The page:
For the first time this year, the economy has slowed in several U.S. regions, burdened by high gas prices that have weakened consumer spending and crises in Japan that reduced manufacturing output.
All 12 of the Federal Reserve's bank regions grew this spring. But four of the regions suffered slower growth in April and May from earlier this year, according to a Fed survey released Wednesday.
It was the weakest survey since fall, when the Fed said two regions failed to grow at all. And it confirmed a slew of data that portray a national economy whose growth has faltered. Hiring has slowed, orders to factories have declined and home prices have fallen.
Fed banks in New York, Philadelphia, Atlanta and Chicago said growth weakened in those regions. By contrast, the Fed regions in Boston, Cleveland, Richmond, St. Louis, Minneapolis, Kansas City and San Francisco said growth there remained steady.
The Dallas region was the only one to report accelerating growth. That was mostly because of higher oil prices, which benefited the region's energy industry.
The report, known as the "Beige Book," is based on anecdotal information gathered by officials at the Fed regional banks. It is released eight times a year and provides a more in-the-trenches review of the economy than government statistics do. Wednesday's report covered the roughly seven weeks between April 5 and May 27.
Manufacturing output grew more slowly in five districts. Japan's March 11 earthquake and tsunami have disrupted auto production and sales. Many factories in the U.S. owned by Japanese automakers, including Toyota and Honda, rely on Japanese suppliers for electronic components and other parts. They've had to cut output because of shortages of those supplies.
Such production cuts, in turn, have reduced the flow of cars to dealers, the Fed report said. Auto sales in the New York, Philadelphia and Cleveland districts have declined.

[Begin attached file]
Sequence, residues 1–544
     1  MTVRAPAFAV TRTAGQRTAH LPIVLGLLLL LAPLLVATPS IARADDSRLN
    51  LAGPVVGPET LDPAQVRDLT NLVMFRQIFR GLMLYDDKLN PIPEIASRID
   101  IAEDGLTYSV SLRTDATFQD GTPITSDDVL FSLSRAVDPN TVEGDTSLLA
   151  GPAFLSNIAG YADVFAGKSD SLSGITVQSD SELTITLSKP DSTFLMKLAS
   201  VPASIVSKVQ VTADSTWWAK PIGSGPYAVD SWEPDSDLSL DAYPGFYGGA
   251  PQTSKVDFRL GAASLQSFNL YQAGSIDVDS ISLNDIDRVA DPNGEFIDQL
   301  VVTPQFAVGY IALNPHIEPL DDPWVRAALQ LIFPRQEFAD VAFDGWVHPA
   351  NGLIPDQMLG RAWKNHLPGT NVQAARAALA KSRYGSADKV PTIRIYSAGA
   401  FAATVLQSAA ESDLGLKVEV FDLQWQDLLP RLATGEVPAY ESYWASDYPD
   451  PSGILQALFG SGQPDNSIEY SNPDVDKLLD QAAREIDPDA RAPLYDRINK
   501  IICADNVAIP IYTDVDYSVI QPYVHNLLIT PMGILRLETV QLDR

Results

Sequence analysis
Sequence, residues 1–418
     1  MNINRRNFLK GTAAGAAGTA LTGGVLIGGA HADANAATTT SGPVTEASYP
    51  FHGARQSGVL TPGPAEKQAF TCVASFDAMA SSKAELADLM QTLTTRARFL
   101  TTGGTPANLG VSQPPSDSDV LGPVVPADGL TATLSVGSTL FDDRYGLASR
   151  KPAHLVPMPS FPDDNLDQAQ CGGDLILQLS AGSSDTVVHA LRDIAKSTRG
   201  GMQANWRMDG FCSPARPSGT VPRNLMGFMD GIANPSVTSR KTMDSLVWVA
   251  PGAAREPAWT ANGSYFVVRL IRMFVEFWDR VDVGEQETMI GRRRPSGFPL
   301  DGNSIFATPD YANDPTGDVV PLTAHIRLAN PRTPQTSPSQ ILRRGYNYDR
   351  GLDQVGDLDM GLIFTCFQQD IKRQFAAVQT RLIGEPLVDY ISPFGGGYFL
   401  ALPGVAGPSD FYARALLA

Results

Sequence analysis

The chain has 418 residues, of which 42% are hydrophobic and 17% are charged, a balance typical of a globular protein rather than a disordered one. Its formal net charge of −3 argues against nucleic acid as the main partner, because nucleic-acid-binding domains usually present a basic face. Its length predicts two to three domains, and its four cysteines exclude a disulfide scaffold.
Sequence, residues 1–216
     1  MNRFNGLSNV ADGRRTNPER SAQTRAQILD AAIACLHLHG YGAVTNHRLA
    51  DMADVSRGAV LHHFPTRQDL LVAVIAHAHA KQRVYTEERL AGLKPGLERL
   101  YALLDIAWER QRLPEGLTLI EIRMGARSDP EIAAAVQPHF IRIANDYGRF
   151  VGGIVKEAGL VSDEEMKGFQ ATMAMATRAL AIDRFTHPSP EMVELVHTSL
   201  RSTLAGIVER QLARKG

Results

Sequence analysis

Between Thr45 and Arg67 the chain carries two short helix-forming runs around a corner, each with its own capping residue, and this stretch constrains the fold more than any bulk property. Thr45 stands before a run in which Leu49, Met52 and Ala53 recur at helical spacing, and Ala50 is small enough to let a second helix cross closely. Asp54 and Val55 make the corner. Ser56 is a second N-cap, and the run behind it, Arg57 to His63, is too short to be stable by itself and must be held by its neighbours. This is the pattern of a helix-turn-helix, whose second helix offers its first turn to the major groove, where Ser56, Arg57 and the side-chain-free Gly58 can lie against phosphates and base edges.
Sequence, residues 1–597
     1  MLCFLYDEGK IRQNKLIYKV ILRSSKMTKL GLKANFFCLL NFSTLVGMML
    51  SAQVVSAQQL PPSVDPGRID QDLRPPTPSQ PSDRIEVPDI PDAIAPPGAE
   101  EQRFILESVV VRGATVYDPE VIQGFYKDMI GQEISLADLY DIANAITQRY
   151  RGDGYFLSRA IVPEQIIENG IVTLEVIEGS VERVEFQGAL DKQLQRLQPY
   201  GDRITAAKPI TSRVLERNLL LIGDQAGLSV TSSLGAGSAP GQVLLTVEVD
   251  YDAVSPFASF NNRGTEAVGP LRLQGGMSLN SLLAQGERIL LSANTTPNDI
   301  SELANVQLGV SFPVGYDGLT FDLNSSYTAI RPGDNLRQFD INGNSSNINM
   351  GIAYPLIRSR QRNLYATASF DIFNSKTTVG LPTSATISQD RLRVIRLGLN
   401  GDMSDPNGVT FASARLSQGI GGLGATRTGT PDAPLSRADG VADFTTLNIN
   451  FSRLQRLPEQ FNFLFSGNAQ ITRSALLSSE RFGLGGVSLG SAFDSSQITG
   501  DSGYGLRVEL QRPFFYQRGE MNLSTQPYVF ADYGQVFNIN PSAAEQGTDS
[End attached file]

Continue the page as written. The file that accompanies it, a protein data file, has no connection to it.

Looking ahead, several districts are less optimistic about manufacturing growth. Boston said some of its manufacturers expect sales to slow in coming months. The Cleveland Fed said some companies are delaying large-scale projects.
But the Chicago and Atlanta banks said factories in their districts expect to boost output in the second half of this year, partly because of a likely rebound in auto production.
Retail sales declined in the Richmond and Boston districts, the report said, and grew more slowly in New York, Atlanta, Chicago, St. Louis and San Francisco. High gas prices were the main reason.
The New York Fed said a major retail chain and a large mall in upstate New York reported slower sales in May, after robust sales in April. Gas prices nationwide averaged nearly $4 a gallon in early May, before falling back.
Farmers were hit hard by flooding along the Mississippi River last month, which put millions of acres of cropland under water. And in the Dallas region, a drought harmed the wheat crop. Agricultural conditions were unfavorable across much of the nation, the report said.
Overall, the report is consistent with Fed Chairman Ben Bernanke's remarks Tuesday. He noted that the economy has weakened in recent weeks. But he suggested that the slowdown from high gas prices and Japan's crises is temporary and that growth should pick up later this year.
Despite the slowdown reflected in Wednesday's report, it still pointed to an economy stronger than it was at times in 2010. Several Beige Books last year indicated that growth in some regions had slowed or even stalled.